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Stolen police guns used in crimes throughout Michigan



By Brett Gillin

The Flint Police Department seems to have a big problem with their guns. Not only do many people feel that the department simply has too many guns for their modestly-sized police force, but there’s also the fact that more than a few of the guns registered to the department have gone missing throughout the years. Making matters worse is the fact that these guns have been used to commit crimes throughout Michigan.

According to this story on Mlive.com, a total of 39 guns belonging to Flint police have been reported as stolen, lost or missing. One of these is a sub-machine gun, and another is a short-barreled shotgun, along with a number of service pistols. The report claims that due to poor record keeping, questionable gun storage habits, and a series of break ins, these guns have gone missing from the Flint police inventory throughout the years.

The scope of the problem wasn’t brought to light until February of this year, when the Flint Police Department finally did a thorough inventory of all of their guns. The inventory showed that for their 114 active officers, the city has 200 service pistols, 136 shotguns, 78 AR-15 rifles, and a smattering of sub-machine guns and gas guns. Flint Police Chief James Tolbert told reporters that the department is looking to shrink their number of guns so that it better reflects the current needs of the department.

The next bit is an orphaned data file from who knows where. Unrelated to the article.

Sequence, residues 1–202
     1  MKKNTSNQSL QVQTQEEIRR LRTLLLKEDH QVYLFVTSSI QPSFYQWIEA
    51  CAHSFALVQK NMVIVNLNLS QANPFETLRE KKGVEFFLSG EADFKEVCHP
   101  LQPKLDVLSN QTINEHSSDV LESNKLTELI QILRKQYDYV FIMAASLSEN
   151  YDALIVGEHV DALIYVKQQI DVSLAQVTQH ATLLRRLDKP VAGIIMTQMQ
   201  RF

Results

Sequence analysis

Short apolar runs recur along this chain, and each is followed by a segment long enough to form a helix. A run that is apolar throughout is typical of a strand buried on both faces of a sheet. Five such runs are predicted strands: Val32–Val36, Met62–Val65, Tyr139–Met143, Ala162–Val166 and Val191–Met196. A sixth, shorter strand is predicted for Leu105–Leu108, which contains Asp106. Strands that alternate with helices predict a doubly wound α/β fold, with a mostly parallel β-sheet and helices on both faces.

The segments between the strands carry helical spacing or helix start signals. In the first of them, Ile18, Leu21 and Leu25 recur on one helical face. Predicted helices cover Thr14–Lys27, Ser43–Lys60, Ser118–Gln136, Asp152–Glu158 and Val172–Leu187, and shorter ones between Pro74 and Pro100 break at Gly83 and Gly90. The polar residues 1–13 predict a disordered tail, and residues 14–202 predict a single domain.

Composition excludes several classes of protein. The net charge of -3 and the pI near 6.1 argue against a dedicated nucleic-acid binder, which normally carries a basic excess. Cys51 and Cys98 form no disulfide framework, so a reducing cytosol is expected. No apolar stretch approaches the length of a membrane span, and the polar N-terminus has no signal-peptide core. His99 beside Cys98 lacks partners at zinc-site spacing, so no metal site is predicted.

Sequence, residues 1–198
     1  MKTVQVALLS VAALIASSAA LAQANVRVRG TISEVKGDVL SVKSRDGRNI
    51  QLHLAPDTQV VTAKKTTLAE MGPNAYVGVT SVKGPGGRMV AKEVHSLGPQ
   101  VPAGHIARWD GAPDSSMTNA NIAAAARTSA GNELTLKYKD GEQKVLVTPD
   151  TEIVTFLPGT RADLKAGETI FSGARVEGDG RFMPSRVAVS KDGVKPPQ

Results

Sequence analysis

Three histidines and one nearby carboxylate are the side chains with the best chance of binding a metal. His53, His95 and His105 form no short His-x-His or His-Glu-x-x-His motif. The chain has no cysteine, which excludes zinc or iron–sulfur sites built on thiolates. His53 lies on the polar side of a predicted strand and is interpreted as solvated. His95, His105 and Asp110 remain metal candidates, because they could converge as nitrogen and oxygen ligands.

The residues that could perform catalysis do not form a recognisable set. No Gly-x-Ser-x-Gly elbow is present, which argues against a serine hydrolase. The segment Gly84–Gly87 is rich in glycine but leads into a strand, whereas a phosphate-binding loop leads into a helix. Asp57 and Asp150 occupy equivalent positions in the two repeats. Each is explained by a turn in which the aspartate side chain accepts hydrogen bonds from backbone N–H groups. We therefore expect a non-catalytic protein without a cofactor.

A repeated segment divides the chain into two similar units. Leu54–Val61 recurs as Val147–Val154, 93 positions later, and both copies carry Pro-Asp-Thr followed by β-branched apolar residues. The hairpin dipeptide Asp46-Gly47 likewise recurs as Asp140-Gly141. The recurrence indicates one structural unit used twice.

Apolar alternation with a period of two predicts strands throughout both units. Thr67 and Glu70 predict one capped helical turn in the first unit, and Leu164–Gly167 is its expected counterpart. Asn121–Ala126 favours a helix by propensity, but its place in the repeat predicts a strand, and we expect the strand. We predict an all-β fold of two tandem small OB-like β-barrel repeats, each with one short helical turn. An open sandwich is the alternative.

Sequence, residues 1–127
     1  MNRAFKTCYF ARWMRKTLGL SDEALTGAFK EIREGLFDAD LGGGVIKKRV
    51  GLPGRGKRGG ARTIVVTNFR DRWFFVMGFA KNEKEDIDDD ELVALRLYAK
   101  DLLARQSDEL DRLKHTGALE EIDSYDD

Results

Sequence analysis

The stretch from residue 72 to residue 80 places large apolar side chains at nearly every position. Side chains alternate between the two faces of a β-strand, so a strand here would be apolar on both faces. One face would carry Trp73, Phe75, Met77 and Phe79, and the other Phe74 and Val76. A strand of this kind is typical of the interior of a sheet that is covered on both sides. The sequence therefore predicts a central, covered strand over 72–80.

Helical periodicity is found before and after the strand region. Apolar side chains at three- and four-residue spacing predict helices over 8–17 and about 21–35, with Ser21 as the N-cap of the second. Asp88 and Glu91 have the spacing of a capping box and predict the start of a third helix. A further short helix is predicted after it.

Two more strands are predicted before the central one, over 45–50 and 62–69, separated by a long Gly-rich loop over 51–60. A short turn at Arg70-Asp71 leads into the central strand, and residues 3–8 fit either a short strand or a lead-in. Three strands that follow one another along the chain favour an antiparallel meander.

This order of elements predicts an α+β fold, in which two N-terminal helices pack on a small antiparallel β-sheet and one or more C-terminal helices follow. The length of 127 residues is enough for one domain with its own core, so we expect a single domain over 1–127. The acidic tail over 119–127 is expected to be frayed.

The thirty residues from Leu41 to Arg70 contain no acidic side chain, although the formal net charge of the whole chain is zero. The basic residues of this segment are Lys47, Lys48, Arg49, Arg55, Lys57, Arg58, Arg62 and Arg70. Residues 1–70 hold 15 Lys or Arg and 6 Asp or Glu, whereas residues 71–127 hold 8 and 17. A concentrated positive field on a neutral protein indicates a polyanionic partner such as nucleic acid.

One of the more high-profile cases of a missing police-registered gun being used in a crime involved a 15-year old boy. According to reports, Flint police Officer Cary Wooster left his Smith & Wesson .45-calibre service pistol underneath the driver’s seat of his car one day. When the car broke down, he failed to remove the gun, instead locking the door and getting a ride from a fellow police officer to the department. When he went back to retrieve his car, the pistol was missing.

A little more than a month later, a 15-year-old boy found the gun next to a convenience store, buried under a pile of leaves. He and a friend decided that they were going to use the gun in a crime. The two boys contacted a local drug dealer and told him they were looking to purchase marijuana. When the dealer delivered nearly a half-pound to the boys, they flashed the gun and told him they wouldn’t be paying for the drugs.

While the two boys ran away from the dealer, the gun went off and shot the boy in the leg. Although the injury was non-life threatening, the story could easily have ended much more tragically. As it stands, police were able to recover the gun and charge the boys with carrying a concealed weapon, receiving and concealing stolen property, and marijuana charges.

Several other stories have also come out of the investigation. One states that a 9 mm service pistol was stolen from a school liaison officer in 1994, but wasn’t reported or discovered by the department until 2002. Another shows that an officer’s house was targeted by burglars, who made off with a 9 mm service pistol that was later used in the commission of a crime in Detroit.

To combat the problem, Chief Tolbert has instituted a twice-per-year mandatory inventory of all guns throughout the department and is tightening up the procedures and paperwork processes to ensure that these problems don’t happen in the future.

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